FleetCor Technologies Hits The Gas In More Markets


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"I'm a travelin' man," Ricky Nelson warbled in 1961. "I've made a lot of stops all over the world."

If he'd had access to the services ofFleetCor Technologies ( FLT ), he might have saved money on those worldly travels.

FleetCor provides fuel cards and payment services designed to help customers track and control costs. Its operating model is pretty simple: Truck fleets need fuel, and service stations need to be paid. FleetCor links the two with cards and card processing services that free drivers from relying on cash or personal credit cards.

The company charges trucking firms a monthly fee and the gas stations a usage fee when drivers fill up. The cards also help truckers track vehicle locations, monitor fuel consumption patterns and identify fueling locations.

In The Fast Lane

Demand for these services has helped FleetCor deliver a years-long run of double-digit revenue and profit growth and given it the financial juice to keep expanding into new markets.

During the first quarter, it reported 31.1% year-over-year growth in U.S. net revenue and 37% growth in the international arena. The company has seen its annual revenue more than double over the past four years.

Meanwhile, FleetCor's stock price is trading at record highs amid talk that it might be poised for even more growth. On Wednesday morning, its shares rose 3% to an all-time high of 138.19 after reports surfaced that it is looking to buy Comdata, a corporate payment-processing company, for more than $3 billion.

Comdata provides payment solutions for companies in the construction, health care and fleet industries.

According to a report from Reuters, other suitors for Comdata include private equity firmsCarlyle Group ( CG ) and Silver Lake Partners.

FleetCor, which has remained mum on the reports, is no stranger to buyouts. It set the tone in 2000, the year of its founding, when it acquired the U.S. fuel card platform Fuelman and launched the ARCO fleet card.

The company now operates in 43 countries, has around 5,100 global employees, serves more than half a million commercial accounts and boasts millions of cardholders.

Its partners range from major oil companies such as ARCO,Royal/Dutch Shell (RDSA),BP ( BP ) andChevron ( CVX ) to one-outlet fuel suppliers.

FleetCor's business is now split about evenly between the U.S. and elsewhere. Analyst Philip Stiller of Citi Investment Research reckons the growth rate of FleetCor's international segment will eventually outstrip the domestic component.

"The longer-term opportunities emphasize the international prospects," Stiller told IBD in a phone interview.

FleetCor has grown its international operation through a combination of partnerships and acquisitions. Over the last couple of years alone it has made a handful of deals to expand its footprint overseas.

Its most recent deal came in May, when it bought part of Shell's SME fuel card customer portfolio in Germany. One benefit of the deal is that FleetCor will have exclusive rights to sell new fuel card accounts to specific fleet segments in Germany, which should help boost its business there.

Last year FleetCor entered Australia via the acquisition of GE Capital's Fleet Card, a multibranded fuel card business that lets drivers use any of about 6,000 stations offering multiple fuel brands throughout the country.

FleetCor also established a presence in neighboring New Zealand in 2013 by acquiring CardLink, a fuel-card issuing and payment processing company.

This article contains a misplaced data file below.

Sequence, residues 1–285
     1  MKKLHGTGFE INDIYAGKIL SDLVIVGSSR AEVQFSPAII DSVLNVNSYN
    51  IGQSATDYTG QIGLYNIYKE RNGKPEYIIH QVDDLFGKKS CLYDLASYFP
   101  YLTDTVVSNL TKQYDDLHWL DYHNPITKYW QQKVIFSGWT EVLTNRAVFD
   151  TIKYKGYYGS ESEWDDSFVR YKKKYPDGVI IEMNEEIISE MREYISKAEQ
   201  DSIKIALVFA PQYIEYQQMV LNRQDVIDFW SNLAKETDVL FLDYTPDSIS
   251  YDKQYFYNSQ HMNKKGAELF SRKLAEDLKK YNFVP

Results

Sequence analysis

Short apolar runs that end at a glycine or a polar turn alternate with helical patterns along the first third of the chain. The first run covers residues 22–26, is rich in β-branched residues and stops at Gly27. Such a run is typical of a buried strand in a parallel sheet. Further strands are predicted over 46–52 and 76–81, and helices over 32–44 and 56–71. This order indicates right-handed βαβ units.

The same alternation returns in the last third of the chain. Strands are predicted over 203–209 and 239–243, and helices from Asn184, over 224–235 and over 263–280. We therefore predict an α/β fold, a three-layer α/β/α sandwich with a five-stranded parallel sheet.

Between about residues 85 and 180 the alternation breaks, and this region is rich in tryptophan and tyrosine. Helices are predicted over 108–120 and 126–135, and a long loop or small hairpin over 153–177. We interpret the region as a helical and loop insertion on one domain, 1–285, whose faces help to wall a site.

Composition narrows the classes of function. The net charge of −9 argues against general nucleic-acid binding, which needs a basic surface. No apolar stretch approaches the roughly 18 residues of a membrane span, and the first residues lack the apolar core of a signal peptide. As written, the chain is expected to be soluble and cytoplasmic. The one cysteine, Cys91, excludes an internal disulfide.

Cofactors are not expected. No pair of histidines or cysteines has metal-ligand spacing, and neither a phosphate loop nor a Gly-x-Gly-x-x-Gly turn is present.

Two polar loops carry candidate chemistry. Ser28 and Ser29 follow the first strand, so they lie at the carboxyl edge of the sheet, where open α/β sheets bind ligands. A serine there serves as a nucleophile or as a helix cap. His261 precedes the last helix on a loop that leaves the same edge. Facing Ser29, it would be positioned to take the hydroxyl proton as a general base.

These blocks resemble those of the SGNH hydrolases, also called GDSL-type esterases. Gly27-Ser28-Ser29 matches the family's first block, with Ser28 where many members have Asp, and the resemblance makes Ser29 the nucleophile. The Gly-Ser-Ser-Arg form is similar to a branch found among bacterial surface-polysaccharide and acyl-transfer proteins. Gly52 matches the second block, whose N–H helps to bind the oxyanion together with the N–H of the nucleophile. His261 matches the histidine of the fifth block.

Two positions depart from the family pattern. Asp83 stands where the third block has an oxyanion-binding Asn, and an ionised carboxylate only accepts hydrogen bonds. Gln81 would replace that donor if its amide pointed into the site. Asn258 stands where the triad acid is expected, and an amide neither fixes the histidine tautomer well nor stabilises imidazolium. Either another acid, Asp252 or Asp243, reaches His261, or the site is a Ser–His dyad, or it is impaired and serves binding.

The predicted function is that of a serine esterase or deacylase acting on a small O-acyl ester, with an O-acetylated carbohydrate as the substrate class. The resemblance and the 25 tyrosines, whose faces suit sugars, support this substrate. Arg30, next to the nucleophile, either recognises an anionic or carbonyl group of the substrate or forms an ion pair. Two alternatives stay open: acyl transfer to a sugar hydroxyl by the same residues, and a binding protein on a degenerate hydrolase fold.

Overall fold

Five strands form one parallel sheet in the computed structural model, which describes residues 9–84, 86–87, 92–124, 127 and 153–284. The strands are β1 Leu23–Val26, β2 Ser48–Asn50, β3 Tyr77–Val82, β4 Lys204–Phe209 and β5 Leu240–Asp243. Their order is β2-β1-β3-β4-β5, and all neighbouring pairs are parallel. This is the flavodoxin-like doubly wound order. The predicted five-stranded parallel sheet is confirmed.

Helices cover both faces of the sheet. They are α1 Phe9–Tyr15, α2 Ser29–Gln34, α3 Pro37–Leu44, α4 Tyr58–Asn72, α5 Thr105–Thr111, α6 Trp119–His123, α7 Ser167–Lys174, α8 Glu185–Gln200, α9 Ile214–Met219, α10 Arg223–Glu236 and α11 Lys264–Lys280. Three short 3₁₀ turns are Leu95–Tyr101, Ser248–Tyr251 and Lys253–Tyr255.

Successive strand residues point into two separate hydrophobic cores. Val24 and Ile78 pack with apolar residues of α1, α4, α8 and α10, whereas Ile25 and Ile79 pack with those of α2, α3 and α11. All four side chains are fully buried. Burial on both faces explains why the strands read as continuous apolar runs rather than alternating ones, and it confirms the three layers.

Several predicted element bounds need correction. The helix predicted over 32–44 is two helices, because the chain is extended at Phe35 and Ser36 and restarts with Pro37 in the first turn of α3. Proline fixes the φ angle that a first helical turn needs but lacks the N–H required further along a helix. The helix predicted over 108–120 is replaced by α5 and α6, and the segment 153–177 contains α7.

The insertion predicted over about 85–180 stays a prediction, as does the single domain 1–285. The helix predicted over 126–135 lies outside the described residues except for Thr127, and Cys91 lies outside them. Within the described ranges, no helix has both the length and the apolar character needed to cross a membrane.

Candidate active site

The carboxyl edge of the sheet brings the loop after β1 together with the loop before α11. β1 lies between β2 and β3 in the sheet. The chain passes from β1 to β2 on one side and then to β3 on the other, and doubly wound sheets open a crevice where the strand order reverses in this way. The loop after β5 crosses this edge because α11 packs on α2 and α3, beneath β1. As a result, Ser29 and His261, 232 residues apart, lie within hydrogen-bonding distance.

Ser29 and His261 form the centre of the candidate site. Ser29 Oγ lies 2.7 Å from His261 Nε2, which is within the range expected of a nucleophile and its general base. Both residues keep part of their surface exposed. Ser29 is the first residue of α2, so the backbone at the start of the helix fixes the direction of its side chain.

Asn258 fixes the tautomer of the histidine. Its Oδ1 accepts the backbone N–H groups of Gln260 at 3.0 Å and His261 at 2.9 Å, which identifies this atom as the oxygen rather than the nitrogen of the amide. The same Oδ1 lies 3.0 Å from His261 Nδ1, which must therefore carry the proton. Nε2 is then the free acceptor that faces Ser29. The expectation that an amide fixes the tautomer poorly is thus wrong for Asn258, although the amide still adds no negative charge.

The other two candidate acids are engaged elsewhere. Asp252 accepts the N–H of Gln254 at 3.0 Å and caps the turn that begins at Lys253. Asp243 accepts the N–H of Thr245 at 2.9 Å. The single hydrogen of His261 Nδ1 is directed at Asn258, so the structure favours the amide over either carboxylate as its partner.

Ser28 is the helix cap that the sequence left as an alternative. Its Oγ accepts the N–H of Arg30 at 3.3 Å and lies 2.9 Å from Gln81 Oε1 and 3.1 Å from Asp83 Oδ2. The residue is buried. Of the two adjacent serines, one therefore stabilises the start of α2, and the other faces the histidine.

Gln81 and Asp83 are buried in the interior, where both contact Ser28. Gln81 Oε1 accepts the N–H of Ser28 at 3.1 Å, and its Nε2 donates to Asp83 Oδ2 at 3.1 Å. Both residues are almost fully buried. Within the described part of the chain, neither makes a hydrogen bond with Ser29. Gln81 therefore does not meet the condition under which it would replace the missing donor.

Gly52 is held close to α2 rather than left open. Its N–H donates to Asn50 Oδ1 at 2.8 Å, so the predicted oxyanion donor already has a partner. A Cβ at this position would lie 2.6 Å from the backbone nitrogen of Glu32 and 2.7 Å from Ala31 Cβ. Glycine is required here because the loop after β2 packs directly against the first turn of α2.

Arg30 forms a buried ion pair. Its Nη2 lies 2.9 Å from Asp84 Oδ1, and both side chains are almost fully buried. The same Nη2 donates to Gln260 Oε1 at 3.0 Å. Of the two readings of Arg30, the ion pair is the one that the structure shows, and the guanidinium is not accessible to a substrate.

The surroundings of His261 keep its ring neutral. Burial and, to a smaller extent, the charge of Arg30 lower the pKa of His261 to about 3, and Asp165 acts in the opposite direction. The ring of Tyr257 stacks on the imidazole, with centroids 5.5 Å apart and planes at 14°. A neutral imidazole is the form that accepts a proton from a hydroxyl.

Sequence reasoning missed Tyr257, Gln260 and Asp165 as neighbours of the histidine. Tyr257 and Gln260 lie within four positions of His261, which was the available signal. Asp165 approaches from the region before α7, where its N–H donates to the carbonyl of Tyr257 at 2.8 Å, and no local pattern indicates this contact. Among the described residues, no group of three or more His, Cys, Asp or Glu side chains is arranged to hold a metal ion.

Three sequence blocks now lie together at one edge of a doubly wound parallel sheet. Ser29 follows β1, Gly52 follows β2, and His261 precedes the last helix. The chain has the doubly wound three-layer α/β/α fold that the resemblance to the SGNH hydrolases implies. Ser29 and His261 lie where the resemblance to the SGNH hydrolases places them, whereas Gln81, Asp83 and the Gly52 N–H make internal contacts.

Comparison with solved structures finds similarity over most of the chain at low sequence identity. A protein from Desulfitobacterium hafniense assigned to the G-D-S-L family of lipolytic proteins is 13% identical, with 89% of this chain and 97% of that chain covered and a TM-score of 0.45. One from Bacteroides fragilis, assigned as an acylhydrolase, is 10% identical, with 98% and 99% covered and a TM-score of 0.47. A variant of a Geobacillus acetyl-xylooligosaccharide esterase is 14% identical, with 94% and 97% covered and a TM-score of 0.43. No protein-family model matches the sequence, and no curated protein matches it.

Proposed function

Other 2013 acquisitions expanded FleetCor's operation in Brazil, the UK and Russia.

Strong Organic Growth

During the first quarter, FleetCor's international revenue rose to $127.5 million from $93.1 million the previous year. The international business accounted for 50% of total revenue during the quarter, up from 48% a year earlier.

"Results in our International business were positively impacted by strong organic growth in our UK businesses, which posted double-digit revenue growth over last year," Eric Dey, FleetCor's chief financial officer, said on a Q1 conference call with analysts.

FleetCor officials did not respond to requests for comment for this article.

Whither Russia?

During the May 1 call, Dey also downplayed the impact that regulatory changes and U.S. sanctions have had, or could have, on the company's business in Russia, saying FleetCor "does not appear to be adversely affected" by those developments.

"However, we are affected indirectly as the Russian economy is softening, and we are experiencing a slowdown in volumes," Dey said. "Our international business has also been impacted by unfavorable foreign exchange rates in Russia as well as Brazil."

Analyst Stiller noted that Russia accounts for only 5% of FleetCor's business.

FleetCor's overall revenue during the first quarter climbed 31% from the previous year to $253.9 million. It was the second straight quarter of accelerated top-line growth. Earnings rose 24% to $1.12 a share, topping estimates for $1.01.

FleetCor is slated to report Q2 results after the close Thursday. Analysts polled by Thomson Reuters expect EPS of $1.25, up from $1 a year earlier. Revenue is seen climbing 24% to $273.7 million.

Full-year earnings are expected to rise 25% in 2014 and another 17% in 2015.

FleetCor has "traditionally delivered on the upside," said Stiller, who looks for even more upside in the third and fourth quarters.

He added that few companies in FleetCor's sector enjoy its margins, and that the company has "very consistently" improved its margin outlook over time -- testimony to its strong competitive position.

The views and opinions expressed herein are the views and opinions of the author and do not necessarily reflect those of Nasdaq, Inc.

This article appears in: Investing Investing Ideas
Referenced Stocks: FLT , CG , BP , CVX

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